Mariano Rivera is the greatest closer in baseball history.
However, had it not been for the New York Yankees moving Rivera to the bullpen in 1995, we might not have ever seen Rivera become what he is today.
Originally a starter when he came up, Rivera made 10 starts that year and had an abysmal 5.94 ERA and 1.680 WHIP.
He did have some flashes of brilliance during a start against the Chicago White Sox, though:
His eight-inning, 11-strikeout performance against the White Sox will go down as his best start, but it's largely forgotten because of a game log like this:
|May 23||at California||3.1||8||5||5||3|
|May 28||at Oakland||5.1||7||1||1||3|
|June 6||vs. Oakland||4.0||7||7||3||1|
|June 11||vs. Seattle||2.1||7||4||0||1|
|July 4||at Chicago||8.0||2||0||11||4|
|July 9||at Texas||6.0||6||3||2||0|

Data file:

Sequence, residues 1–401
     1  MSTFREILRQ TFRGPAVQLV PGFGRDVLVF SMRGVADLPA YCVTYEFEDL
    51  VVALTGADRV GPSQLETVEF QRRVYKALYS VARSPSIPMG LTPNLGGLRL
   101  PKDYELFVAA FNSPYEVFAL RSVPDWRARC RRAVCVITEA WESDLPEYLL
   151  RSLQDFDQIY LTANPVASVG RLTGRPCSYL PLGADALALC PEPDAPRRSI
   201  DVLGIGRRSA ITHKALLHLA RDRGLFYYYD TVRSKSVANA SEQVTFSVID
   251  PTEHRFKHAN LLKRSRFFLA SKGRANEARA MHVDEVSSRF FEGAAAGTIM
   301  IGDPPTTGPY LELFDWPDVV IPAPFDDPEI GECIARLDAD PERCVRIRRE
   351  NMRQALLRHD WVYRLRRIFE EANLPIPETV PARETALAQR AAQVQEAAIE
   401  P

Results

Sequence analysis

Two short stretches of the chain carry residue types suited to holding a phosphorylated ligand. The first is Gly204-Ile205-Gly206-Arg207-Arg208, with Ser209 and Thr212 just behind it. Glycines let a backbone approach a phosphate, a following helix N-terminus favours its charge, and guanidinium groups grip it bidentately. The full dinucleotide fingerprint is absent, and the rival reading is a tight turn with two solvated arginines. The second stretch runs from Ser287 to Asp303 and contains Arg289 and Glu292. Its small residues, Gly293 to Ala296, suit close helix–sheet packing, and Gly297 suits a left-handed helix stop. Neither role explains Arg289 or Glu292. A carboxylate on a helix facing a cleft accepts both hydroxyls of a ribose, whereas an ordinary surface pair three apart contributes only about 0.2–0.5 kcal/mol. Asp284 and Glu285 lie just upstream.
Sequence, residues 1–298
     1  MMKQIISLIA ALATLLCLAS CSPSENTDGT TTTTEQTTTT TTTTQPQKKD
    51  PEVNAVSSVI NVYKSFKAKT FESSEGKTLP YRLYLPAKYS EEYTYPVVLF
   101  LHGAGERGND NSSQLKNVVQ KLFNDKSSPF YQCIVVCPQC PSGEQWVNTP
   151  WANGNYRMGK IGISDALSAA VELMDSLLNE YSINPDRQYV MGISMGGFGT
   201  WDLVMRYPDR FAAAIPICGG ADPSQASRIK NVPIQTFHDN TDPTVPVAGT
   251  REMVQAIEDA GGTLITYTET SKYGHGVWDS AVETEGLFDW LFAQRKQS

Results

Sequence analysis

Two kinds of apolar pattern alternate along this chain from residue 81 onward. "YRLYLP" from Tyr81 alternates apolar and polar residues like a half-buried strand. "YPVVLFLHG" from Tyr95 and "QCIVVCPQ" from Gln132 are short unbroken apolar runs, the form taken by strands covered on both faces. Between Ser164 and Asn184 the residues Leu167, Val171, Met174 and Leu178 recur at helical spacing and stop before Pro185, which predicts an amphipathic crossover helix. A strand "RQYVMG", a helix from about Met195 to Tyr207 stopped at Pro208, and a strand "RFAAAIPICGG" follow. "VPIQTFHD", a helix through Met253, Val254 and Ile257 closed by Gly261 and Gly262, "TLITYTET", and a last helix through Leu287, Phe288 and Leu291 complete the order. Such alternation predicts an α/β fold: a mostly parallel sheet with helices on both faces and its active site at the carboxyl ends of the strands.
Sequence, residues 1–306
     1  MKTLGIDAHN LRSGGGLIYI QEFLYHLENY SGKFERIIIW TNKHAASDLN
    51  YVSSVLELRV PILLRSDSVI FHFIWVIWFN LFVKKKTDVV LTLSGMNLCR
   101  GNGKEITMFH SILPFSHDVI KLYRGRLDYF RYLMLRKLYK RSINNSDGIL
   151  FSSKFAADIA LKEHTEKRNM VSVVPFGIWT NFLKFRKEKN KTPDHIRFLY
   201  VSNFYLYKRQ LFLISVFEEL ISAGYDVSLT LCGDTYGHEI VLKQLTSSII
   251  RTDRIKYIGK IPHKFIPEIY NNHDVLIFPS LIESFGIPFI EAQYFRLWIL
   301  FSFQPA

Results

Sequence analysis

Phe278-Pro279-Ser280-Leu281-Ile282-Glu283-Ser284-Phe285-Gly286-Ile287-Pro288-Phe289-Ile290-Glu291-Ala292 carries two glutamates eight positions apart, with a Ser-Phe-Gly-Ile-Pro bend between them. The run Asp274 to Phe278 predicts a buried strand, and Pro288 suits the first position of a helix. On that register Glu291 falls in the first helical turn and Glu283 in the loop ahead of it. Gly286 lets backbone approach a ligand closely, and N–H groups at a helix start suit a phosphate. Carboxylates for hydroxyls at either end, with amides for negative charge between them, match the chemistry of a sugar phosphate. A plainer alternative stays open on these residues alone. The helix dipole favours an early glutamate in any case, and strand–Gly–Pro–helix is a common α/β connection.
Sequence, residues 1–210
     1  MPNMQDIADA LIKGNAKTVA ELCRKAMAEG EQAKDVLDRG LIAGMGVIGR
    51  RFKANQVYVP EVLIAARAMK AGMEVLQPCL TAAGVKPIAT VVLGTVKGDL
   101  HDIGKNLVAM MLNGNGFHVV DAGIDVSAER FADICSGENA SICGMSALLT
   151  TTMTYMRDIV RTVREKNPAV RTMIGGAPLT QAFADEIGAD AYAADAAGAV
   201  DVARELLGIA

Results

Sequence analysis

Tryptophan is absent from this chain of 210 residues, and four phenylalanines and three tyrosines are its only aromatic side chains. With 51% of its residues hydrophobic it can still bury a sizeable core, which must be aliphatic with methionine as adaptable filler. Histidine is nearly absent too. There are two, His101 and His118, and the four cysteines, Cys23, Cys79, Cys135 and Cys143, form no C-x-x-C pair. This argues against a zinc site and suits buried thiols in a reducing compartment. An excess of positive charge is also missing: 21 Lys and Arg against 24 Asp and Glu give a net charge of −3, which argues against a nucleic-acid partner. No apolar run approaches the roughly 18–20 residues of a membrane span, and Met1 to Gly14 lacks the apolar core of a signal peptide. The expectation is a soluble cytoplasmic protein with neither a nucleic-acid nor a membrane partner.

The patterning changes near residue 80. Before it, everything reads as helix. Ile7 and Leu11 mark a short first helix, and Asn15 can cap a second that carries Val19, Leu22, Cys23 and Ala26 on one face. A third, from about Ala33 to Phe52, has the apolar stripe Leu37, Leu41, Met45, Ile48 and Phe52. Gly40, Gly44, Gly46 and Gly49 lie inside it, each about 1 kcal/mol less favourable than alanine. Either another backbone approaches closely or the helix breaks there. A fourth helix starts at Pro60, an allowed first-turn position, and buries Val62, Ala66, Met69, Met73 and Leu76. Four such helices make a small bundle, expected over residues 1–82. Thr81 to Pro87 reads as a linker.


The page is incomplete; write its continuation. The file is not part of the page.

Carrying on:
|July 16||vs. Minnesota||6.0||6||1||5||1|
|July 26||at Kansas City||5.0||7||3||3||1|
|Aug. 10||vs. Cleveland||5.2||7||4||3||3|
|Sept. 5||vs. Seattle||4.1||7||5||5||3|
He did go 3-3 in those starts, which isn't all that bad, but it was clear then that his future wasn't as a starter.
Now, compare the mechanics and the movement with this video, which is a compilation of his highlights as a reliever:
Rivera clearly has had great mechanics for a reliever during his career. Not to mention, he could just rear back with all he had, instead of saving energy for later innings.
While he did struggle in most of his starts, the 11-strikeout performance showed that Rivera could be something one day. I just don't think the Yankees actually knew what that would be.
Then again, I don't think anyone saw him having the type of career he has after seeing the way it all began.
Could you imagine the Yankees without Rivera? Would they have won five World Series?
It's a good thing we'll never have to know the answer to that question.